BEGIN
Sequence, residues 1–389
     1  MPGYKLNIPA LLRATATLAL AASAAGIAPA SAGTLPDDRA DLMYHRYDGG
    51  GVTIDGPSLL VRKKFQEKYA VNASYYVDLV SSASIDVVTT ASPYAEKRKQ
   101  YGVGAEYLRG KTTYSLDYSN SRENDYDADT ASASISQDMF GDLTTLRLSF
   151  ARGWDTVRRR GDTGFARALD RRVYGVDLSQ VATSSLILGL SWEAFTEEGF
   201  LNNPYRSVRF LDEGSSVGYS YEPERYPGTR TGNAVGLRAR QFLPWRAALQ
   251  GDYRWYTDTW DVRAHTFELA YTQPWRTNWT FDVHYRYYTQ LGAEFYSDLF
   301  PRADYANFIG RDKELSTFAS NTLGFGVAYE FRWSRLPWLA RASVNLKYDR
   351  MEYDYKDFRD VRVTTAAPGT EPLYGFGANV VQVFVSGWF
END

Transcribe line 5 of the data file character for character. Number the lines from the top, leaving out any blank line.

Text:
   151  ARGWDTVRRR GDTGFARALD RRVYGVDLSQ VATSSLILGL SWEAFTEEGF